Electric bikes, or e-bikes, are designed to assist your pedalling rather than replace it. The more pressure you apply to the pedals the more electrical power is applied to assist the rider. The motor will cut out once you reach 25kph (15.5mph) so if you want to go faster than that, it’ll be down to your effort.
E-bikes are at their best when you want to start commuting on two wheels, but feel your journey is just that bit too far or strenuous, or in off road situations where all the fun is in the downhill sections and you need that extra boost to get you back to the top of the hill so you can have the thrill of the decent again and again.
Assisted pedalling means less exertion and less chance of arriving at work or the top of the hill dripping in sweat.
There’s some evidence that e-bike owners cycle more, so even if it’s not as good a workout as a regular bike, it’s certainly better than nothing.
E-bikes are heavier than regular ones, often 7kg extra or more.
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Modern electric bikes use very similar setups to provide extra power when pedalling. These can be in the form of a hub or bottom bracket mounted motor. Meaning that sensors register when the pedals are turning and power is provided from brushless motors.
All electric bikes will have some kind of control unit; this can be found in the form of a handlebar mounted computer, on the battery or in some cases even controlled via a smart phone app. The handlebar mounted computers are very similar to a normal bicycle computer providing information about speed, distance and more electric bike specific things like remaining battery life and give you control over the level of assistance required.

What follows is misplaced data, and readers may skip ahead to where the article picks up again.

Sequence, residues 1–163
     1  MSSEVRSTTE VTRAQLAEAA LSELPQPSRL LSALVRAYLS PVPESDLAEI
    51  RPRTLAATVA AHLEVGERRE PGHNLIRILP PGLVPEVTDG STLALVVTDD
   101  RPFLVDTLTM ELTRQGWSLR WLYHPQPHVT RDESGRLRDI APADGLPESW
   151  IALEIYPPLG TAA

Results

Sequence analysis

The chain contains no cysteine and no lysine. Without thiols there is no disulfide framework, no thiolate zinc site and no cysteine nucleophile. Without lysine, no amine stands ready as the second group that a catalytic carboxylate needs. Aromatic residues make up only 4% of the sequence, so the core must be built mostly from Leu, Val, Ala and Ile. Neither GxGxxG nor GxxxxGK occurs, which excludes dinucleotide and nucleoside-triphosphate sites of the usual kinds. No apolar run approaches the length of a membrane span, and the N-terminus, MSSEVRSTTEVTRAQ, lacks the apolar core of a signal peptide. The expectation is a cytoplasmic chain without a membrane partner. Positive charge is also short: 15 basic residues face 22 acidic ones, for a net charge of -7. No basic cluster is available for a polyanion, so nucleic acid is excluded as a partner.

The more advanced smart phone based systems offer a fully customisable system, allowing you to set your assistance based on the GPS data of your route. Luckily most manufacturers systems are a basic plug and play which means you can get the most out of your electric bike without having to touch a button.
The battery is unarguably the most important part of an electric bike. Batteries come in a variety of wattages from 200w to 550w; the amount of watts a battery has depends on the amount of power provided to the motor. Ultimately defining the amount of assistance provided and range of your electric bike, this is similar to the different octane fuels available for your car. A lower wattage is like a small unleaded car compared to a diesel car with a higher wattage battery giving your more torque and range.
Just like cars, the batteries or ‘fuel tank’ can be found in multiple positions on the bike. Most will currently be found on the down tube of the frame or on a rack on the back of the bike.